For Rick Steves, travel is an 'Act' of learning and growing

Rick Steves is famous as the wide-eyed guy in khakis whose guidebooks, tours, radio show and PBS series have introduced millions of American travelers to Europe. But in his new book Travel As a Political Act, he broadens his geographical and cultural horizons. USA TODAY's Laura Bly caught up with him by phone from Tuscany.

Q. You've written that Italy is your favorite country. Why?

A. Well, India is my favorite. I really enjoy being knocked off my little cultural horse, and it humbles my ethnocentricity. But in Europe, Italy is my favorite because it's most like India. I was just walking through Cortona with a wonderful guide, and he made it clear to me that if you see something here that looks all prettied-up and uniform and quaint, it's a "touristy quaint." The truth of Italy is the jumble, from the architecture, to the people-watching, to the traffic and noisy Vespas.

Q. It's also history, which you say is crucial to a great travel experience.

A. That's so true. There are two kinds of travelers: Those that are curious, and those that are basically duty-free shoppers, sun-and-fun-on the-beach, pack-heavy types. For me, it's about learning. I'm looking out my window right now over a lush plain to the south, knowing all of it was papal territory in the the Middle Ages, and it makes my experience richer and more vivid.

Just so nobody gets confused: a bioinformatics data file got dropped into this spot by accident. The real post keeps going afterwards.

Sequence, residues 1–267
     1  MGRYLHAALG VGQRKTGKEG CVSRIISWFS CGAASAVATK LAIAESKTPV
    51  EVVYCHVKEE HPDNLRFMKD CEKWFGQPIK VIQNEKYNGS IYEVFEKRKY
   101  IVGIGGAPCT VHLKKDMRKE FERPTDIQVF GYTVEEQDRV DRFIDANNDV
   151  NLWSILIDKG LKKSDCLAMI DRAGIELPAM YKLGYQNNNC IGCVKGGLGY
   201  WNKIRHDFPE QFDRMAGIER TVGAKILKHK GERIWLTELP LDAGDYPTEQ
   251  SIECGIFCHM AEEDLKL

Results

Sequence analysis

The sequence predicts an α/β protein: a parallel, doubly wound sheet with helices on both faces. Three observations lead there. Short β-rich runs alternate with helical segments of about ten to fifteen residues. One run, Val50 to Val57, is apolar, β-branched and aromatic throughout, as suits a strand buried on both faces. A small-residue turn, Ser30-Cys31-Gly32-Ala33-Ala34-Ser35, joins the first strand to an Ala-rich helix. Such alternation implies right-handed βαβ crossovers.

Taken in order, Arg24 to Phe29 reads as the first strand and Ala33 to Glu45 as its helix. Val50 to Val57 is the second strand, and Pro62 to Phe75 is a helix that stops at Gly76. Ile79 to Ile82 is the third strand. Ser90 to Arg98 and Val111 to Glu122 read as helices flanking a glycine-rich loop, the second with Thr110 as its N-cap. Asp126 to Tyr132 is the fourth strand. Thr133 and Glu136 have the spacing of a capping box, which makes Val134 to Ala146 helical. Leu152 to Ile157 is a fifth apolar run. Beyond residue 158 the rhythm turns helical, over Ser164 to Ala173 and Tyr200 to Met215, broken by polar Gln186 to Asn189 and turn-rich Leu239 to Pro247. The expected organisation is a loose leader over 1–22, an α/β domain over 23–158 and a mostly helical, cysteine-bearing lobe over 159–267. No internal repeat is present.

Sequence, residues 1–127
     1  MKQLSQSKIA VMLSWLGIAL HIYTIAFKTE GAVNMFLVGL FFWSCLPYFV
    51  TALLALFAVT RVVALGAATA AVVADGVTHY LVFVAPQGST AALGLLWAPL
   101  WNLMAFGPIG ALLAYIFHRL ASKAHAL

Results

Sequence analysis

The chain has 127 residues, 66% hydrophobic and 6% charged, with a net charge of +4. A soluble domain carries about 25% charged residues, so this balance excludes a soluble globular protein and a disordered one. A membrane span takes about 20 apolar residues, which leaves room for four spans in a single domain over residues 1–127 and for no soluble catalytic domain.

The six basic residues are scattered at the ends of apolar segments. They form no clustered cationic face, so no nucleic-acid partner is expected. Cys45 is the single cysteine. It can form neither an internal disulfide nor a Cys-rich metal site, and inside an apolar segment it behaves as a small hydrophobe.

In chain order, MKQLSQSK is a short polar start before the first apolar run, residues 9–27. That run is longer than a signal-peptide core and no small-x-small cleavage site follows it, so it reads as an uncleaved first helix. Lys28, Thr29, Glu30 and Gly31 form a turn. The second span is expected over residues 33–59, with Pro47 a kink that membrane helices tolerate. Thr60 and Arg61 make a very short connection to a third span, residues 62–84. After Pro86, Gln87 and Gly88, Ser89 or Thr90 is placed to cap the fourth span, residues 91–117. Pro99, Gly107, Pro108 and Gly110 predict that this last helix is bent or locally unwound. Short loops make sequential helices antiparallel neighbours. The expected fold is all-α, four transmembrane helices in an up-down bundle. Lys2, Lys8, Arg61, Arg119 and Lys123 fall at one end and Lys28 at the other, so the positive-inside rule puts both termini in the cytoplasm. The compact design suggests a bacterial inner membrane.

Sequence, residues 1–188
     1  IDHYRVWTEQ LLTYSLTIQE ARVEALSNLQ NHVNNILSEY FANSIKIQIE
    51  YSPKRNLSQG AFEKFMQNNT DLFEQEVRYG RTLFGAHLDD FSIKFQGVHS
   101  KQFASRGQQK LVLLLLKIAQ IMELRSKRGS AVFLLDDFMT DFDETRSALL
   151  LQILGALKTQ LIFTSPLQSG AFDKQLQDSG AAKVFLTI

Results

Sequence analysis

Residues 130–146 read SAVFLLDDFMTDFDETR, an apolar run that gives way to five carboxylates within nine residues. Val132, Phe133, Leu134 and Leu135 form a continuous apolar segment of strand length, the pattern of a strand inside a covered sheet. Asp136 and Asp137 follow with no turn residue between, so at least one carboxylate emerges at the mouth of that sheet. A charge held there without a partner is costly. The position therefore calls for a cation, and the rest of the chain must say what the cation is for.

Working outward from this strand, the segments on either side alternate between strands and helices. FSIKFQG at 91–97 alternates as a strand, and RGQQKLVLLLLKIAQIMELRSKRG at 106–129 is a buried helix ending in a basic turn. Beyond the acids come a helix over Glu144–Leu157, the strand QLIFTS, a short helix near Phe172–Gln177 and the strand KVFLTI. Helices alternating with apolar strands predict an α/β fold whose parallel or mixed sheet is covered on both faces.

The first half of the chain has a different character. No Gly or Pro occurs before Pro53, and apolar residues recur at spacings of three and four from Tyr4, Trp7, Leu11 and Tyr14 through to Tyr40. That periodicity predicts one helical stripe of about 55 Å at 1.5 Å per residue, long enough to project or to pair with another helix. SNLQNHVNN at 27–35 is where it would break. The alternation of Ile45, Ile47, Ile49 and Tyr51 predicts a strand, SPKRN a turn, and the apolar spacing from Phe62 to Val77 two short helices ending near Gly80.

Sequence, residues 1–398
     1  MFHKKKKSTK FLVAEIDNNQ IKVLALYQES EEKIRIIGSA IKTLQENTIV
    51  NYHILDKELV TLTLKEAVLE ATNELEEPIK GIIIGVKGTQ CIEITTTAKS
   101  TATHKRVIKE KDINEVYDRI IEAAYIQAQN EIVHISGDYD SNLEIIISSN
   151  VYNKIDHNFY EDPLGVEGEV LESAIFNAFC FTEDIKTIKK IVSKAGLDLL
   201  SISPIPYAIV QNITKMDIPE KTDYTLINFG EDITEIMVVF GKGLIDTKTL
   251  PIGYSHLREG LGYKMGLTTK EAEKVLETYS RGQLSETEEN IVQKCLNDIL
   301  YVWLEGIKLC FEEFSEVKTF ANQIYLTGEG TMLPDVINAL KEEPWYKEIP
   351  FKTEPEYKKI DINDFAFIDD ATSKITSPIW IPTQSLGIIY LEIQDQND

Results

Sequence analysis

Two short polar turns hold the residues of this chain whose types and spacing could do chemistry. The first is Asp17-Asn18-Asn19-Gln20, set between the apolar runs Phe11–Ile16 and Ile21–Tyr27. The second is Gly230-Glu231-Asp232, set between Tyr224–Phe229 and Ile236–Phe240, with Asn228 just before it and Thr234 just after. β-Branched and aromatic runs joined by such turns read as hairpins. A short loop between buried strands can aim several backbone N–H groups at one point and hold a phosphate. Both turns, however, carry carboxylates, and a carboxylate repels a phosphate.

My life's work has been trying to understand Europe better, and I wouldn't be saleable if I didn't have practical tips. People need to know where you catch the bus and where you park. But what I also want to do is be a history, art and culture teacher, and a conduit for experiences.

Q. Many of the experiences you describe in your new book — from coming to grips with the U.S. role in El Salvador's civil war to visiting Iran — aren't typical vacation fodder.

A. I'm kind of an odd duck who would rather go to San Salvador than lie on a beach in Mazatlan. Thomas Jefferson said travel makes a person wiser, if less happy. And I think it does gives you a little cross to bear, because you can't in good conscience ignore the reality of other people. It shouldn't become a guilt trip, (but) travel is more than the basic things like staying healthy and not getting ripped off, and more than enjoying Michelangelo and a good glass of red wine. It's broadening your global perspective, and challenging truths you were raised thinking were God-given and self-evident.

I didn't know what to expect in Iran, and I was actually scared to go there. But I've never been anywhere where it was more of a plus to be an American. I was in a car in a traffic jam in Tehran, when all of a sudden our driver blurted out, "death to traffic!" I thought, "what? I thought it was supposed to be death to Americans." But he said, "no, whenever something is frustrating and out of our control, we say 'death to that.'" That get-beyond-the-bumper-sticker approach is my responsibility as a travel writer.

Q. What are three things that Americans can do to be more gracious guests in a foreign country?

A. Talk softly. Celebrate the fact that people do things differently, and assume there are other answers to the same problem. And be a cultural chameleon: In England, I drink tea, in the Czech Republic, I order a beer.

Q. With 401Ks turned into 201Ks, a lot of people are skipping vacations this year. What are you telling them?

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